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—; FAREH, a place in the territory of Tás. FASHAN,” (according to the Arabic method of writing Pashán,”) a village belonging to the territory of Herát. FAIJú,” the Arabic manner of writing (or pronouncing) Paigá,” a maritime country of Chín. FIL1stíN," a region of Shám (or Syria), Demeshk (or Damascus), and Misr (or Egypt), comprising Ramlah," Askalán,” Beit al Mukuddes” (Jerusalem), Kanāān,” Bilká,” Masísah,” and other cities; and from this province is denominated the “Biabán-iFilistin’” (or Desert of Palestine), which is also called the “Tiah Beni-Isrāīl.””
KAvAN,” a village of Gílán, so written according to the Arabic manner for Káván spelt with the letter Ke).”
KAHHKAR,' a village belonging to Basrah.” KURAFAH,” is a certain place.” KARAMAN,” a country so called after a man named Karámán: it is bounded by Armenia the Lesser and the shores of the Sea of Rúm ; and it comprises Kánieh, Lárendeh," Akserái,' and other towns; and from this country a tribe of Turkománs derive the name of Karámánlú.” KIRKíz,” a region of the seventh climate, in Turkestān; the chief city is situated on the summit of a mountain: the original name was Kereh Kíz,"f words signifying “the forty damsels " (or daughters); for at first forty damsels resided at that place, and the name was accordingly given to it. It has also been said that Kirkíz is a country of which the royal capital is Karákrim.”
* In both manuscripts this article seems imperfect: they merely state that “Kuráfah, with the vowel accent damma on
the letter káf, is a certain place J. Jo- –33 ** &; + The two MSS. agree in this derivation of the name; yet
it seems to be composed simply of the two Turkish words JA
kirk, signifying “forty,” and ; kiz, “a girl or damsel.”
KILMAK,' a tribe of Turks (or Tátárs), whose country is adjacent to Khitá” and Khoten.” KúMALíGH,” a city of Túrán: it is also called Belásághān.” KúMIs," a territory of Khurásán: in it are situated Semnán," Bastám,” and Farávah.” KUHISTAN ;” so in the Arabic manner is written the Persian word Kūhistán," signifying generally a mountainous country. In the Kūhistán of Khuräsän are situated Káin,” Berjend,” Desht-i-Biáz,” Tabs Masíná,” besides other towns and places.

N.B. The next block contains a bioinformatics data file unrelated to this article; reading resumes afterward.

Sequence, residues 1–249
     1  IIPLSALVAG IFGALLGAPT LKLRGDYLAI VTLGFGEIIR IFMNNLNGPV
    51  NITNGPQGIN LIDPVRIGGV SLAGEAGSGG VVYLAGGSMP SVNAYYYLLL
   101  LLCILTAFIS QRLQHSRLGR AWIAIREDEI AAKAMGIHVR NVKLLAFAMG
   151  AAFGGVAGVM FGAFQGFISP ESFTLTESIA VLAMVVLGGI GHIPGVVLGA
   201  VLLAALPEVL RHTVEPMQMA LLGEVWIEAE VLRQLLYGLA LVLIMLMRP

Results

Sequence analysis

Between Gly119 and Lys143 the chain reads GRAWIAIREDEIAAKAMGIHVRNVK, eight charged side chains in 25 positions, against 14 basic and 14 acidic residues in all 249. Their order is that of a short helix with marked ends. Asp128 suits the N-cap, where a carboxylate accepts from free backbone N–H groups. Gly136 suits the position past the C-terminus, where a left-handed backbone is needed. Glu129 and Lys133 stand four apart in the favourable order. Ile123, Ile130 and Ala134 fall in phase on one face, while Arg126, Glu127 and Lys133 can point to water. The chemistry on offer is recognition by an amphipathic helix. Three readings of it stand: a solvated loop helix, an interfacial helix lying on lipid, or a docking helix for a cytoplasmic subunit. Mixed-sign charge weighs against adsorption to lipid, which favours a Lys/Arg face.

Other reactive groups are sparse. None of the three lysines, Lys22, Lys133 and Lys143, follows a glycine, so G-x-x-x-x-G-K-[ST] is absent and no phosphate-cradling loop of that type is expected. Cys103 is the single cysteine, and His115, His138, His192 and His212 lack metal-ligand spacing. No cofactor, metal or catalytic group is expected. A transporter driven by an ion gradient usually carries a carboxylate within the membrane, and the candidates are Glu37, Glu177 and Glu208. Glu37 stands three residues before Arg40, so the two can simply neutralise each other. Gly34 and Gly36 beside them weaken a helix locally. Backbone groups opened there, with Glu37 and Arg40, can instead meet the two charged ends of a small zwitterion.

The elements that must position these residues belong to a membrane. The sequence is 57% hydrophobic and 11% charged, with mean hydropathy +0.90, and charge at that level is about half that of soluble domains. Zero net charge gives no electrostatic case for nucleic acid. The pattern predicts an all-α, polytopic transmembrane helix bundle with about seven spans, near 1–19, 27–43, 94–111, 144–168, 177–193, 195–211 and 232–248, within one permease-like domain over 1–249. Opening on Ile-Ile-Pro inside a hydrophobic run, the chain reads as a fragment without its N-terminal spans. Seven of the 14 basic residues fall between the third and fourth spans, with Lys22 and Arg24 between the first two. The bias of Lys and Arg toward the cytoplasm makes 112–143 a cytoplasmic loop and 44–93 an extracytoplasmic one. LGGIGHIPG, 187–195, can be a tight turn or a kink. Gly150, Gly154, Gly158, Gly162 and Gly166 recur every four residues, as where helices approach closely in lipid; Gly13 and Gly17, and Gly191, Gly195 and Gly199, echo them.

KASHGHUR," a city of the sixth climate, in the territory of Áighar * in Turkestān; and it is the chief place of that country.
KAMTA,” a territory on the north of Bengål: its chief town is Bihár or Behár.
KAMRöP,” a territory adjoining Kámtá: these two constitute the country called Kūch Behár.”
KEBúd JAMEH," a town in the province of Jurján.” “ KAch-HAR,” a country situated on the extreme borders of Bengål and Kūhistán. KURDISTAN,” a province of which the limits adjoin Irák, Khūzistán, Díárbekr,” and Azerbaiján : it comprises Dinvar," Shahrzár," Kirmán Sháhán,” Behar," Sultānābād," Chapchimál," and other. towns. KIRMAN,” a well-known province of Irán (or Persia), on the west. KARHARūd,” a city of irák Ajem,” called after the Arabian manner Karahh: * it is among the memorials of Abū Delef Ájeli."
* Jurján, according to Hamdallah Kazvíni, (in his MS. Treatise on Persian Geography, c. xviii.) is one of the seven Tumáns or districts (e. to) comprised in the great province of Mázinderān; but even in his time (almost five hundred years ago) the town of Kebād Jámeh, like Jurján, was ruined. The name, Kebād Jāmeh, signifies “blue dresses,” or “garments.”
Gürch," a considerable tract of country on the borders of Shirvān; its capital city is Teflis.” GIRDKūh,” a fortress in the province irák Ajem. GULkHENDAN,” a castle or fortress in Mazinderán." GANJAH, a city of Arrán," and the capital of that province. The soldiers and inhabitants of Ganjah are Turks or Turkománs, descended from
* Hamdallah Mastowfi, (Jo- 42-) author of the celebrated geographical work entitled “Nuzhat al Kulüb,” (→3) *}) quotes a tetrastich, which enumerates Ganjah among the four most delightful cities of Irán or Persia; the other three being Isfahán (JLo.2), Marv Gro, and Tús (U-2). The name of Ganjah is often subject to a play on the word ganj (#9 signifying “a treasure;” and in the verses above mentioned we find this city described as “Gan. jah pur ganj” ‘ā‘ 2 **) or “Ganjah full of treasures.”— See the MS. “Nuzhat al Kulüb,” c. iv. (of Maughán Jor)